A Mubarak-era official wanted for financial crimes was arrested at the Charles de Gaulle airport in Paris on Monday, and now faces extradition to Egypt and a 30-year prison sentence.
Brigadier General Magdy al-Shafie, the head of Interpol in Egypt, announced in an interview on the Al-Hayat Al-Youm satellite television show that former Finance Minister Youssef Boutros-Ghali was arrested by Interpol authorities as soon as he entered French territory, as per an extradition agreement between the two countries.
Authorities immediately began drawing up extradition papers, according to Shafie.
Along with several other former regime figures, the ex-finance minister initially fled to London after the outbreak of the January 25, 2011 revolution, where he lived openly despite facing criminal charges of squandering public funds and illicit gains back in Egypt.
Interpol issued a notice against him shortly thereafter. However, Boutros-Ghali — who served as Mubarak’s finance minister from 2004 to 2011 and also served on an International Monetary Fund policy steering panel — could not be arrested in the UK unless Egypt issued an international arrest warrant. The two countries do not have extradition relations.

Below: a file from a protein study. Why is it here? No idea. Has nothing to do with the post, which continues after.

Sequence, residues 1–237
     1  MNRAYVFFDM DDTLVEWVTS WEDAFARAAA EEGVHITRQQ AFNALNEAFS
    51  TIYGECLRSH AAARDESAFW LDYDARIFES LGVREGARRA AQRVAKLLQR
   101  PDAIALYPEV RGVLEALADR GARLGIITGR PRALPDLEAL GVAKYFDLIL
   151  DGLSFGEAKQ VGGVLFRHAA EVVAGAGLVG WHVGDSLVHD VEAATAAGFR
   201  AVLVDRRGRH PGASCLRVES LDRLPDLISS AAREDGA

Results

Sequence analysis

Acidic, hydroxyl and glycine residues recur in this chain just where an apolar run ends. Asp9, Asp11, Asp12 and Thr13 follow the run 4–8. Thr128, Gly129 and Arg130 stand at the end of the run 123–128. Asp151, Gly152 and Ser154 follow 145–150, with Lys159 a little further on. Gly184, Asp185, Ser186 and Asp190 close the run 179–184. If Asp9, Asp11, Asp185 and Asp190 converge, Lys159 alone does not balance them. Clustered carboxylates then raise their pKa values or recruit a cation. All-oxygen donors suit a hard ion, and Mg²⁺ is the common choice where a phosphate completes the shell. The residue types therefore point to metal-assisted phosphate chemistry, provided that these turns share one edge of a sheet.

The 61-year-old was sentenced in absentia to 30 years in prison, the maximum sentence in Egypt, by the Cairo Criminal Court in June 2011 for his involvement in squandering LE200 million in public funds, among other charges.
The same court also supported the Illicit Gains Authority’s ruling to confiscate Boutros-Ghali’s assets, and those of his family.
Boutros-Ghali’s public life in London elicited furious condemnation from Egyptian expats living in the UK, who raised questions regarding the British authorities’ reluctance to arrest him. There was particular outcry after he appeared at a London School of Economics lecture in January 2012. The former regime figure had to be ushered out of the lecture by security guards after audience members tweeted his picture and urged Egyptians to come to the auditorium to confront him.
Other Mubarak-era officials who fled Egypt after the ex-president’s fall from power include former Industry and Trade Minister Rachid Mohamed Rachid, also wanted on charges of squandering funds and illicit grains. However, Rachid’s move from London to Turkey has complicated the possibility of extradition, Shafie asserted.
After the fall of former President Mohamed Morsi and his predominantly Muslim Brotherhood administration, 24 leading members of the recently banned Islamist organization fled to Qatar, according to Shafie, and are also now wanted by Interpol.
Court cases against former regime figures implicated in a wide array of corruption scandals and other abuses of power have been slow moving and resulted in few convictions over the past three years.